Policy II: At time 1, dividends = $121, new share sales = $11, treasury stock purchases = 0 The time 1 total equity value (the $2,200 in column (3) of the exhibit below) is the time 1 market value of all shares (shares that were outstanding at time 0 and new shares issued at time 1. It is the ex-dividend (post time 1 dividend) value of the firm’s equity at time 1. This amount ($2,200) is the same under policies I and II because the firm’s assets and financial structure are exactly the same under I and II (implying the same time 1 total value of all the equity outstanding at time 1).
We assume that the buyers of the new time 1 stock pay a fair price for the stock. Dividend policy (1) Time 1 dividend (2) Time 1 total equity value (time 0 shares + new time 1 shares) (3) Time 1 value of new time 1 shares (4)Time 1 value of old time 0 shares [= (3) ? (4)] (5) I$110$2,2000$2,200 II$121$2,200$11$2,189 Now let’s compute the time 0 value of the Carter stock if Carter announces policy I, and if it announces policy II. Assume an equity discount rate (k) of 10%. = = = $2,100 (1) = = = $2,100 (2)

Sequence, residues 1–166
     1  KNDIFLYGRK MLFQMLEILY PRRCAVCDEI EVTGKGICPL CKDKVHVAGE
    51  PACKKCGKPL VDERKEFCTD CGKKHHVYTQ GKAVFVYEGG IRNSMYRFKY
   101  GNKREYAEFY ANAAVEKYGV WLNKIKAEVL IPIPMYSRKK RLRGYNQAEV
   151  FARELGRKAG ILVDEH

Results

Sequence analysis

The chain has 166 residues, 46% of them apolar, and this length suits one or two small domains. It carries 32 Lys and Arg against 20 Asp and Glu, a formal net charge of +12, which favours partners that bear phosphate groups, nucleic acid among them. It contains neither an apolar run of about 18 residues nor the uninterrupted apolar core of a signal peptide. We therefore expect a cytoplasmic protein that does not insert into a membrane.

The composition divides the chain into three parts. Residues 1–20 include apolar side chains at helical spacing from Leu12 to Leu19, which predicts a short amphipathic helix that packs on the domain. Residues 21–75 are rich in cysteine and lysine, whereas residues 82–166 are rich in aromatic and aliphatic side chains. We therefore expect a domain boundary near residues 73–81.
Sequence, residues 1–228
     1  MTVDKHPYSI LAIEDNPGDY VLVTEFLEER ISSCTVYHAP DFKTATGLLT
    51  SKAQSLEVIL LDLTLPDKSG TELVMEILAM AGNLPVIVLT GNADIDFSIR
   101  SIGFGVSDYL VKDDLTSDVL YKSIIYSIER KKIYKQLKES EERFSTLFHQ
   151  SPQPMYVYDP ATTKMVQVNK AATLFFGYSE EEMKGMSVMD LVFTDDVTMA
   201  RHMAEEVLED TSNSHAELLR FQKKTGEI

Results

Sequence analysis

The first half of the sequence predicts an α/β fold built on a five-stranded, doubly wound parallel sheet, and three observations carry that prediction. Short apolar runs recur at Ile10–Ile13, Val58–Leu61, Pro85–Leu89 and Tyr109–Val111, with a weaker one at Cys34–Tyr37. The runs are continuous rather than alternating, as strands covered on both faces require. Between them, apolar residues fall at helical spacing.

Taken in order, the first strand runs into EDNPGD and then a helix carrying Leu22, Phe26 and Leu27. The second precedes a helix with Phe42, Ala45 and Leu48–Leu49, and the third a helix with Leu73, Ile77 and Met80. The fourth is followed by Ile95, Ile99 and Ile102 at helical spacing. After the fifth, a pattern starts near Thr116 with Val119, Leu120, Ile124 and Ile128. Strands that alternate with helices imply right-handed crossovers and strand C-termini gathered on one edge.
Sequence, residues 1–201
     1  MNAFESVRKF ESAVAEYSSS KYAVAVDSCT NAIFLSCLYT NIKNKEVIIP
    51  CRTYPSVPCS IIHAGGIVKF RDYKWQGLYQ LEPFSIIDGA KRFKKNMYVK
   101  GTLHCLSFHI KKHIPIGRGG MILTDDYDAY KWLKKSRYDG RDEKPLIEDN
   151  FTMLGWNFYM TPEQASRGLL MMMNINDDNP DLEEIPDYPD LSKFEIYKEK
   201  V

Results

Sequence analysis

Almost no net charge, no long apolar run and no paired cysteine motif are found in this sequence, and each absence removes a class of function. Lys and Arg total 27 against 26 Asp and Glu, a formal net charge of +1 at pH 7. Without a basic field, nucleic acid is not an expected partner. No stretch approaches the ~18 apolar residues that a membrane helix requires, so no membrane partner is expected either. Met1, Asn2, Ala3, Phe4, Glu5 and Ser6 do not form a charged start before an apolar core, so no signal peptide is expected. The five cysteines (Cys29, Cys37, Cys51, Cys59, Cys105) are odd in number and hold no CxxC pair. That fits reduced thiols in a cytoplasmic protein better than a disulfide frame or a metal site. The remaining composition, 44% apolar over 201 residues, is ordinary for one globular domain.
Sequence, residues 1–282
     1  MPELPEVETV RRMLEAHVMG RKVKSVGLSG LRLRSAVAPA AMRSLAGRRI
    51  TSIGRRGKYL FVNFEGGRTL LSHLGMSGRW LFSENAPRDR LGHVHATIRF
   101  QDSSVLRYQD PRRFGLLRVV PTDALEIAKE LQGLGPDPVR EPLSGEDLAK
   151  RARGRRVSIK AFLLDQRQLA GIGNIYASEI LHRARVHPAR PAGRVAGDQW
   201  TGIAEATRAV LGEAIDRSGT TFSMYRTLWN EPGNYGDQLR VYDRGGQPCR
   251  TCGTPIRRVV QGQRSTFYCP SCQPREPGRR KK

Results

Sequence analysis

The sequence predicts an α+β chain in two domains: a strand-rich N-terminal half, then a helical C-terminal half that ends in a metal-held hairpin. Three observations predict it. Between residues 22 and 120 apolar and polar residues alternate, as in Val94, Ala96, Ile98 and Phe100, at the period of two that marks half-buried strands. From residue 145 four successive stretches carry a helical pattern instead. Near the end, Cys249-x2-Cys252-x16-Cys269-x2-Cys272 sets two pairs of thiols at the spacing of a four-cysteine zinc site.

Policy Irrelevance Proposition
In the numerator of (2), ($2,200 ? $11) is the time 1 value of the time 0 shares (the shares that were outstanding at time 0, which equals the value of all the shares at time 1 minus the value of the new shares issued at time 1). The time 0 value of those shares is independent of dividend policy. At time 1, under policy II, the time 0 shareholders give up an $11 ownership interest in the firm’s shares in exchange for an $11 dividend payments; the transaction is a wash. This wash effect holds for any dividend policy change if there are no personal taxes.